Originally Posted by AdrenalineJunky
Hello audiophiles. I need some more guidance from the super-knowledgeable community here. My home audio obsession started about 9 months ago with a Denon AVR 1613. My speakers consist of four Polk Monitor 70's, Polk center, and two Polk PSW 505's. The avr would shut down on thermal protection if I listened to more than one song at 78 absolute volume setting in 5 channel stereo.
This is weird, Shorted speaker wire(s)?
What sorts of SPL are you going for during your listening sessions?
Have you calibrated your AVR with Audyssey? If not, your volume control settings mean nothing.
then sold it for a more powerful unit with the hope of getting louder and not shutting down.
No hope of that working.
I got the Denon 3313ci for Spotify, extra wattage, and hopefully longer playing time before shutdown. To my surprise, going from 75 to 125 Watts was hardly noticeable volume wise.
As others have pointed out, thats worth a couple of dB on the best day of your life, and presuming you are already gutting your system out with the volume control.
To top it off, I maybe got only another minute or so of play time before shut down.
How long were you letting your system "warm up" before you do these tests with immediate shut downs?
I think I got the heat situation a little more under control by hooking two PC fans up to the 12v triggers.
So there was a heat problem?
Ultimately, I returned the receiver because I did not get the improvements I expected as far as heat or power.
If you'd asked...
Now that you know the situation, this is where I need help. I am considering a few options: avr x2000, 3313ci or x4000 (i know the differences between both) with Emotiva xpa5, or 4520ci. My reasoning for those avr's are as follows. I am considering the x2000 because it has all of the features I want including amped zone 2, it is the cheapest option, and since the power from 75 to 125 watts was barely noticeable, I assume going back down 25w will not be audible. Is that right?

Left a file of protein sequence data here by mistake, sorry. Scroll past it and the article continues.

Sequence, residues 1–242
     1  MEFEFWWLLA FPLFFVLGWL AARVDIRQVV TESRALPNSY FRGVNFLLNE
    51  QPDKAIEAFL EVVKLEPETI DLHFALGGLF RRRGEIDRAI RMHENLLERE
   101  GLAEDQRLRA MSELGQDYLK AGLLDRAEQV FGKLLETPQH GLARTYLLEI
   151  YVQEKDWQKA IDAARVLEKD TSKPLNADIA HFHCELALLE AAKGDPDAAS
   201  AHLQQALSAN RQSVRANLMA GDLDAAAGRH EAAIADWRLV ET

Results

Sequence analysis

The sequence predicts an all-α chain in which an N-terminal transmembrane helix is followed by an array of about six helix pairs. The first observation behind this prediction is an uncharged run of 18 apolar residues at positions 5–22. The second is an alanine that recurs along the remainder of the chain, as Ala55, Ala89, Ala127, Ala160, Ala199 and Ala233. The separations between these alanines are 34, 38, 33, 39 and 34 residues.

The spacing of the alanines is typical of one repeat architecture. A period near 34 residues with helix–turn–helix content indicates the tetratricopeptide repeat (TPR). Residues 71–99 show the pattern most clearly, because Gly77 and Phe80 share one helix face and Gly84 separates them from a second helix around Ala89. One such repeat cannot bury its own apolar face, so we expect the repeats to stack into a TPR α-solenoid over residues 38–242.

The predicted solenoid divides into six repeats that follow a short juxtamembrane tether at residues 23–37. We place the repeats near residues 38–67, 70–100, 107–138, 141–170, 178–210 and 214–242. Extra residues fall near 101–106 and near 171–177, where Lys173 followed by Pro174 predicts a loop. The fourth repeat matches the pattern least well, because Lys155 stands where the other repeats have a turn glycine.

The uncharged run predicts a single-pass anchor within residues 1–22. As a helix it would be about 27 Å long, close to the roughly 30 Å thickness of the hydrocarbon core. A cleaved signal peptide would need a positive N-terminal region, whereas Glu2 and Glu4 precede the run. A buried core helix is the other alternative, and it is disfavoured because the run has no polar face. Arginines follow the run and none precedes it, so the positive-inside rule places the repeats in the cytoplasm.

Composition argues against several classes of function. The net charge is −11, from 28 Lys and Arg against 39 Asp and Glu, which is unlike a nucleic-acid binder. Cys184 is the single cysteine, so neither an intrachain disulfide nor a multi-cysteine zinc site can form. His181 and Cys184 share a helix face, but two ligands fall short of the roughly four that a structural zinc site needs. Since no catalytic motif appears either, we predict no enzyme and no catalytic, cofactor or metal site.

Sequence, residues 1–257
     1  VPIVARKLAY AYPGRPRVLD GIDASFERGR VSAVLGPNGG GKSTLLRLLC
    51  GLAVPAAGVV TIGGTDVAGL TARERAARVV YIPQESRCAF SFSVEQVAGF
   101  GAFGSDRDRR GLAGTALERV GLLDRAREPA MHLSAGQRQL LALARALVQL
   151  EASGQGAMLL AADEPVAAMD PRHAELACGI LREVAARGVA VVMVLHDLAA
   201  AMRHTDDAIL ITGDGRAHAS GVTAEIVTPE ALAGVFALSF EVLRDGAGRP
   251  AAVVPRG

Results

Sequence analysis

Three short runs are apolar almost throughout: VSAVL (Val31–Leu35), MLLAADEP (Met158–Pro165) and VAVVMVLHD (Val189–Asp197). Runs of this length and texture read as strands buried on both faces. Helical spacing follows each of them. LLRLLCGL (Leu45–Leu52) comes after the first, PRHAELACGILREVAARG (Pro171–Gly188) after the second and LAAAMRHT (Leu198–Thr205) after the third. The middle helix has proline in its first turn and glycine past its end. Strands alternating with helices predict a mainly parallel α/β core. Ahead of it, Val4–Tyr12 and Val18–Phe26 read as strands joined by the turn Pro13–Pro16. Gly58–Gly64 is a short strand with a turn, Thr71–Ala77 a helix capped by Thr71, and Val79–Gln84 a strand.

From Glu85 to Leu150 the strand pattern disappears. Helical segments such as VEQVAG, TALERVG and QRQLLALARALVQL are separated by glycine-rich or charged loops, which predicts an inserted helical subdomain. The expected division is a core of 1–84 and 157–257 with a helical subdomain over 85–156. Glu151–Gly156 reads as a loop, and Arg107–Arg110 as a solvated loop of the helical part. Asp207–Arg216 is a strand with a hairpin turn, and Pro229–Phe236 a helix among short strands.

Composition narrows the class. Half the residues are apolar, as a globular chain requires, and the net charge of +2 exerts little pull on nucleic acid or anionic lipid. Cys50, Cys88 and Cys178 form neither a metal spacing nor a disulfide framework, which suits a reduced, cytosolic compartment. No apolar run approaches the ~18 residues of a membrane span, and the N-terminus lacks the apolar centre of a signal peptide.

If 50 watts more didn't do much for you in a positive way, then 25 watts less won't do much for you in a negative way.
The 3313ci or x4000 with emotiva xpa5 route will give me the power I would like to have. One thing I was wondering (never had a home audio amp before) is if I will be able to control the system volume with Denon's phone app. Does the volume have to be changed on the emotiva
I keep telling people to actually spend a little time checking these products out for at least 10 seconds before they start thinking about buying them. If you look at http://shop.emotiva.com/products/xpa-5
for a few seconds you will see that it has no volume controls.
or can I just leave it turned up and control the preout volume with the remote app and Denon remote?
The AVR volume control is what controls the preamp, as well as the amp outs.
I am not willing to give up the ability to control the volume with the phone for the amp.
Lastly, if I cannot control the volume with the app while using an amp, I would consider a 4520ci for its 150 watt amplifier. Would I notice the increase in power/ volume from the 95w x2000 or would I be spending the extra $ and not get an audible power difference.
Well we know what you think of 2 dB increase (not a heck of a lot and properly so) so we kinda know what you will think of a 3 dB increase. Not a heck of a lot.
Ultimately, if I will notice a power difference going from Denon's 95 wpc to Emotiva's 200 wpc and can still use the remote app I will do that. If I cannot use remote app will I notice a power difference from x2000 95wpc to 4520ci 150 wpc? If the answer to these is no, I will just stick with the x2000.
95 to 200 watts is the same mild 3 dB increase as the one from 75 to 150 watts. If you want twice as loud you want 10 times the power, and that would mean buying new speakers as well.
I hope you knowledgeable folks can take the time to help me with this. I am getting sick of pondering it.
You are describing something very atypical.
Unless you are deaf, what you have should be pretty loud. Your story about 2 different AVRs tripping out after a very short periods of time is not the symptom of a AVR with too low power, it is a story of a system with short(s) in its wiring or short(s) in its speakers which can happen if you have a rubbing voice coil in a woofer, for example.
And +1 to what 67Jason said. Don't churn any more equipment until you get your current situation cured.